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"How big a game is too big?" Topic


16 Posts

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755 hits since 3 Aug 2011
©1994-2014 Bill Armintrout
Comments or corrections?

The G Dog Fezian03 Aug 2011 12:33 p.m. PST

Not scale of the models, but number of ships and forts. I've done a game with roughly 22 ships and it about did us in. How much does choice of rules play (we used Smoke on the Water for our maga-game).

What was your biggest game and how did it work out?

Tom Reed Supporting Member of TMP03 Aug 2011 12:51 p.m. PST

We usually don't give each player more than 3 ships to run. Our most fun games usually have each player running 1-2 ships.

Mako1103 Aug 2011 1:44 p.m. PST

Too big???!!!

Does not compute.

Perhaps you should be like Scotty, with Captain Kirk, and just plead for more time.

Afterall, those that say there is more to life than wargaming are just wrong.

;-)

On a more serious note, did you have newbies, or were all the players well versed in the rules and tactics of the day?

I imagine that would have a huge impact on how well the game runs, with larger numbers.

Grizzlymc Inactive Member03 Aug 2011 2:47 p.m. PST

If it takes more than a week, you probably should have scaled back a little, but even then, what else were you going to do with the second week?

GildasFacit Sponsoring Member of TMP03 Aug 2011 2:57 p.m. PST

We've had about 15-20 vessels a side in an evening game but that was pre-dreadnoughts.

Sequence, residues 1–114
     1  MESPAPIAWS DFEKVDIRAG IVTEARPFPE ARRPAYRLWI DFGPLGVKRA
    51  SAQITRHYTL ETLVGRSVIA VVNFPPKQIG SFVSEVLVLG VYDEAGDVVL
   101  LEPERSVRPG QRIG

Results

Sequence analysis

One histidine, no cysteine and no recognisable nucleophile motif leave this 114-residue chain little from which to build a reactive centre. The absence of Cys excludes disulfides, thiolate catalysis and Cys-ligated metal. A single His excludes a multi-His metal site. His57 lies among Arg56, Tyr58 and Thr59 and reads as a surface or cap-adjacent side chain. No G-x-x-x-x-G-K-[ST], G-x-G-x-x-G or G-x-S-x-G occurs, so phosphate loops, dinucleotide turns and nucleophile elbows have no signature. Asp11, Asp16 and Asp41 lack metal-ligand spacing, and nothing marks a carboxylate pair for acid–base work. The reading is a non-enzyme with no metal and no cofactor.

Personal logo Ditto TwoThree Supporting Member of TMP03 Aug 2011 3:31 p.m. PST

Holy Moley G Dog!

We love SOTW, but 22 ships, holy mackeral!!!!

That's like using an eyedropper to dump a bucket of water. grin

We've found the rules work best with about 3-5 ships in the game (not counting little things like torpedo launches or the Thoroughbred tug boats which often make an appearance in our games! grin). And if you have something like the Hartford, be prepared to fall asleep while your opponent resolves all his shots or be prepared for him to have a nervous breakdown. It's best to just use vessels with a few guns.

I don't know what to use for larger battles. I've looked around a lot and asked on the ironclads yahoo group. I've been looking for a set of ironclad rules which does not have to resolve every gun firing and perhaps uses more of a top down approach instead of the traditional Charles Grant way.

Don't get me wrong as I said we love SOTW, but we'd really like to be able to use a set of rules to handle larger actions in 1:600. We found our reduced representation of Mobile Bay, which had 9 vessels on the UNion side, and 4 plus a fort on the Confederate side to be just too large for SOTW to handle and, again, the Hartford was just a ridiculous mind numbing exercise:

picture

From ucs.mun.ca/~tmarshal/mobile
--
Tim

ElGrego Supporting Member of TMP03 Aug 2011 3:34 p.m. PST

I think the largest Smoke on the Water game I ran had 20 ships, 20 players. What a madhouse! Ramming, collisions, groundings, even some gunfire…

The G Dog Fezian03 Aug 2011 3:48 p.m. PST

Tim,

It was the dramatic conclusion of our James River campaign using Anaconda: Capital Navies.

The Union orbat was something like;

New Ironsides
Atlanta
Richmond (captured in prior game)
Onandaga
3 x Passaic class monitors
4 x double ender gunboats

CSN was something like

Texas
Fredricksburg
Columbia
Richmond II
Captured monitor